Other instances, however, seemed pretty awkward: ChatGPT seemed very talkative in the demonstration, such as when the presenters made mistakes or asked the robot to wait a second. Instead of simply replying “Sure” or just firing back with an “mhmm” as a person would, it gave an annoyingly verbose answer: “Sure, I’d love to see it whenever you’re ready!” No person would speak like that unless they were trying to be extra flattering or appear overly attentive. It could be that ChatGPT’s makers programmed the robot to perform this way for the presentation just so that the audience could hear more of the Scarlett Johansson-esque voice straight from the movie “Her,” but the constant talkativeness broke the immersion and made me want to frankly tell it to quiet down a bit.

The robot also seemed oddly witty, as if it carried some sass in its responses. It wasn’t rude, of course, but it sounded like a very confident salesperson when it should’ve been more subdued. It liked to use words like “Whoops!” and added some small humor to its responses — again, signs of wordiness. I assume the reason for this is to make the robot sound more humanlike because awkward silences are unpleasant and may lead users to think ChatGPT is processing information or not ready to receive a request. In fact, while in voice mode, it’s always processing information and ready to receive requests. It can be interrupted with no qualms, it can be asked different questions, and it can wait on standby for more information. Because GPT-4o is so quick at generating responses, there is zero latency between questions, which is jarring to adjust to but also mimics personal interactions.

Because ChatGPT has no facial expressions, it has to rely on sometimes annoying audio cues to keep the conversation flowing. That doesn’t mean ChatGPT can’t sense users’ emotions or feelings, though — the “O” in GPT-4o enables it to understand tacit intricacies in speech. It can also use the camera to detect facial expressions, but the more interesting use was what it could do with its virtual apparatus. Not only can users speak to ChatGPT while it is looking at something by way of its “omni-modal” capabilities, but users can share their computer screens and make selections on the fly to receive guidance from ChatGPT as if it were a friend looking over their shoulder. An intriguing demonstration was when the robot was able to guide a user through solving a math equation, identifying mistakes as they were made on the paper without any additional input. That was seriously impressive. Another example was with writing code: ChatGPT could look at some code in a document and describe what it did, then make modifications to it.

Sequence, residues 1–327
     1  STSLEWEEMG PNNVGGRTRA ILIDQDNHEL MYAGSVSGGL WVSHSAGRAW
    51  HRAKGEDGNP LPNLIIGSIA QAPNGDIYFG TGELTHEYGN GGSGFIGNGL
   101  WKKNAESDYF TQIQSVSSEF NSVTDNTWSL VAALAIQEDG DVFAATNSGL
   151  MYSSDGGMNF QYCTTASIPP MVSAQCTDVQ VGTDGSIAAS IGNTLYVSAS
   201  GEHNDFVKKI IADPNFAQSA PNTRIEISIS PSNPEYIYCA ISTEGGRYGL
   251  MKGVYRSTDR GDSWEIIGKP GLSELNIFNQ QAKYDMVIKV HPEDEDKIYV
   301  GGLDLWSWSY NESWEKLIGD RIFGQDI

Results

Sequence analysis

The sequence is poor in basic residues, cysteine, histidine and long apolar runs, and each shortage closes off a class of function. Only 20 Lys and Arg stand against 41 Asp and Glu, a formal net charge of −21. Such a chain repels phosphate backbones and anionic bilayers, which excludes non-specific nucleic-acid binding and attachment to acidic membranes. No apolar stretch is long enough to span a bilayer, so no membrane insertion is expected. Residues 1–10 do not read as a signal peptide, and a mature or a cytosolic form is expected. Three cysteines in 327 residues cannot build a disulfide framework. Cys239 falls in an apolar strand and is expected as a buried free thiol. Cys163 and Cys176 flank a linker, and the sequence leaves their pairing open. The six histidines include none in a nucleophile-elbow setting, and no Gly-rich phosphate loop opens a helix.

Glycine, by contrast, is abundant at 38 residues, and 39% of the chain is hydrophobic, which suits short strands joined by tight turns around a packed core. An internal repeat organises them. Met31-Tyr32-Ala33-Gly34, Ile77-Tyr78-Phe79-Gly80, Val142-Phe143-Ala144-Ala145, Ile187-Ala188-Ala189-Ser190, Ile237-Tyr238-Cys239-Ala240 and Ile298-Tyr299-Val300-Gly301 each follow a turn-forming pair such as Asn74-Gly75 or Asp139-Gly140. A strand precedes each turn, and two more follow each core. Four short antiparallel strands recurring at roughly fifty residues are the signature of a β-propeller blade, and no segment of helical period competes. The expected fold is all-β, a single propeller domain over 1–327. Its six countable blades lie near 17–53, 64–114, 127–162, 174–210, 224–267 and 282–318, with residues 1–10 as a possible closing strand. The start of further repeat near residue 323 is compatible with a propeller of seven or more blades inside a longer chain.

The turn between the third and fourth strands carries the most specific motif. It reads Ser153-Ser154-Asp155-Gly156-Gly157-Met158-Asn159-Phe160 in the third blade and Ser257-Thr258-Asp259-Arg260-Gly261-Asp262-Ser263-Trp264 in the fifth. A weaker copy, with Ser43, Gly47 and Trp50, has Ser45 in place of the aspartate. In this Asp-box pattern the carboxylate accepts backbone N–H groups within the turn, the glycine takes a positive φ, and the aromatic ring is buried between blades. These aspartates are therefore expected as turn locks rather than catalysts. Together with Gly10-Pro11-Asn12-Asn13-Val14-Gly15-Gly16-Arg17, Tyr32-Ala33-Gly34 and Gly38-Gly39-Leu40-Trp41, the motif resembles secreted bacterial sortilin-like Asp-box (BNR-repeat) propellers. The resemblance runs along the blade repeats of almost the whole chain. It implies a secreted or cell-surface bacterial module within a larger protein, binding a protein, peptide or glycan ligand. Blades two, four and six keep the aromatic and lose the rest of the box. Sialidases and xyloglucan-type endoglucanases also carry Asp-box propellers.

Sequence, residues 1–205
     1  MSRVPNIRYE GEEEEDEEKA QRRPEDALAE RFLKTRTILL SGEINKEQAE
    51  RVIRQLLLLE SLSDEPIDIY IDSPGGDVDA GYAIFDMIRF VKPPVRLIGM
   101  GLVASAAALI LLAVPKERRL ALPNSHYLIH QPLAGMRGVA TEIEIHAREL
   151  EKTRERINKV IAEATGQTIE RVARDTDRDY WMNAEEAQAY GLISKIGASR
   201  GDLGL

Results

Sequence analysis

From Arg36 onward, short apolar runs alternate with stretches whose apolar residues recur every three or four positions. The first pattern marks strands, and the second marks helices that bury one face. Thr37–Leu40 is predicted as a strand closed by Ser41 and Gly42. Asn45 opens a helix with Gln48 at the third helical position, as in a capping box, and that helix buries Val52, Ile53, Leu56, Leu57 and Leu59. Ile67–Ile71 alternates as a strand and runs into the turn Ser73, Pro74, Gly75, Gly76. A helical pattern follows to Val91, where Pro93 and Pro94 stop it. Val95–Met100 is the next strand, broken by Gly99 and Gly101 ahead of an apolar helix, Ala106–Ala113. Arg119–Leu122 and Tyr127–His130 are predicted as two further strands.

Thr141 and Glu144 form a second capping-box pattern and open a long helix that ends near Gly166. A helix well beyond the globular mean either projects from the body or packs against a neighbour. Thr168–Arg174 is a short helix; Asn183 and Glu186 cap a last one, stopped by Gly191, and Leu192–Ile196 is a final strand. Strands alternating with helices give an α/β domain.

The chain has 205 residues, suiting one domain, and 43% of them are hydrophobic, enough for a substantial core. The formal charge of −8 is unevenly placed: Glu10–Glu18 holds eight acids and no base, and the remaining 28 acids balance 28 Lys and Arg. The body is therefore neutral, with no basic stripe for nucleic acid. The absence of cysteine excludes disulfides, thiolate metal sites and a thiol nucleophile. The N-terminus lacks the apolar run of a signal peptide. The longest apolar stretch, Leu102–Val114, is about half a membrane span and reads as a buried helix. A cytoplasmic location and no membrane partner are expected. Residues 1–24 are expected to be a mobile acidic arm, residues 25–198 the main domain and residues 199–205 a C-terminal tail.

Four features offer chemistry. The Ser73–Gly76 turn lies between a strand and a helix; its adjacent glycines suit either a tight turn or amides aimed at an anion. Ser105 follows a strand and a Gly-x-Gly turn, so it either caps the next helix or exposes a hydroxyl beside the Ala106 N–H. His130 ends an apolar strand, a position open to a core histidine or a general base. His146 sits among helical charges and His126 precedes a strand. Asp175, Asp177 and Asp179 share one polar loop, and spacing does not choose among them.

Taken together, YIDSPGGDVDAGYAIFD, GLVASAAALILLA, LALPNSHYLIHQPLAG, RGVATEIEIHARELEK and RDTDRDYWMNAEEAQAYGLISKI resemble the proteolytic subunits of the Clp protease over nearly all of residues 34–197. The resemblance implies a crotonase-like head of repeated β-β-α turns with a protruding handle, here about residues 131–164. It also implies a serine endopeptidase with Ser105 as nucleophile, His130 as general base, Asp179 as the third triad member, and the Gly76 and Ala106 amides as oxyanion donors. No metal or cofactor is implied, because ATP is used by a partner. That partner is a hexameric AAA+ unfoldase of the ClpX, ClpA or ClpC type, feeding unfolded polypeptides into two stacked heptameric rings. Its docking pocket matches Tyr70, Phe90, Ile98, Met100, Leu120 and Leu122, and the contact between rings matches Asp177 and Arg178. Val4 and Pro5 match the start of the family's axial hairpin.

ChatGPT 4o’s underlying technology is still OpenAI’s flagship GPT-4 LLM, which is still available for paying customers — though I wouldn’t know why one would use it as it’s worse and has lower usage limits. But the new LLM is now trained on audio and visual data in addition to text. Previously, as Murati described during the event, ChatGPT would have to perform a dance of transcribing speech, describing images, processing the information like a normal LLM text query, and then finally running the answer through a text-to-speech model. GPT-4o performs all of those steps inherently as part of its processing pipeline. It natively supports multimodal input and processes it naturally without performing any modifications. It knows what objects are in real life, it knows how people speak, and it knows how to speak like them. It is truly advanced technology, and I can’t wait to use it when it launches “in the coming weeks.”

While the concept of a truly humanlike chatbot is still unsettling to me, I feel like we’ll all become accustomed to assistants such as the one OpenAI announced on Monday. And I also believe they’ll be more intertwined with our daily lives due to their deep integration with our current technology like iPhones and Macs, unlike AI-focused devices (grifts) like the ones from Humane and Rabbit. (The new Mac app is awesome.) It’s an exciting, amazing time for technology.